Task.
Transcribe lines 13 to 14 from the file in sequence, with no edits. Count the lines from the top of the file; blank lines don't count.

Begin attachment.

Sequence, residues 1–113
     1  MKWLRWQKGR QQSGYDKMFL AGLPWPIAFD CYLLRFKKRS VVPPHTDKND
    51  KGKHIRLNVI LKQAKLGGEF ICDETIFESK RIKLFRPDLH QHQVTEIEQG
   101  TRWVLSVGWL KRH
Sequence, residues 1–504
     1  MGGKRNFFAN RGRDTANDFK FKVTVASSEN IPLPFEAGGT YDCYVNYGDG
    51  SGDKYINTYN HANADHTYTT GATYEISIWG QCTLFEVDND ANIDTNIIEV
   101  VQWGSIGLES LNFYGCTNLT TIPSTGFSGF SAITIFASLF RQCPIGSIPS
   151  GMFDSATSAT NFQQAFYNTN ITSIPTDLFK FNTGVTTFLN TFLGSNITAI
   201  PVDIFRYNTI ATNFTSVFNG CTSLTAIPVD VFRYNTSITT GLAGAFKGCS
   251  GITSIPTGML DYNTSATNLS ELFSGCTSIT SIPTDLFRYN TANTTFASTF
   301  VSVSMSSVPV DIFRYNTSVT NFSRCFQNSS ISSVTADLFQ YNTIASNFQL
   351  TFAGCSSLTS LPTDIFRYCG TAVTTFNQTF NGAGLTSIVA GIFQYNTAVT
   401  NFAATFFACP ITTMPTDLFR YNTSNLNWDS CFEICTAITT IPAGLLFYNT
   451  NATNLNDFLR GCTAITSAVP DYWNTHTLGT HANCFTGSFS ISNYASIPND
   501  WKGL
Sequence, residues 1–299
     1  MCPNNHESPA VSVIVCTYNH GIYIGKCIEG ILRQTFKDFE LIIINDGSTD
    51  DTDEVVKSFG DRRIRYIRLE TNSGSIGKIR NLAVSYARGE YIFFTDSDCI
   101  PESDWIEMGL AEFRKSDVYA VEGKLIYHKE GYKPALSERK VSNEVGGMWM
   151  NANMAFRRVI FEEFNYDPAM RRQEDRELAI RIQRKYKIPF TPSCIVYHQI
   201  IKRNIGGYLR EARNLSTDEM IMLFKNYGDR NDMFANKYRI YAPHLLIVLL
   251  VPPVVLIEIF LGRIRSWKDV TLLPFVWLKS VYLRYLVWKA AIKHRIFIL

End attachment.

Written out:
   351  TFAGCSSLTS LPTDIFRYCG TAVTTFNQTF NGAGLTSIVA GIFQYNTAVT
   401  NFAATFFACP ITTMPTDLFR YNTSNLNWDS CFEICTAITT IPAGLLFYNT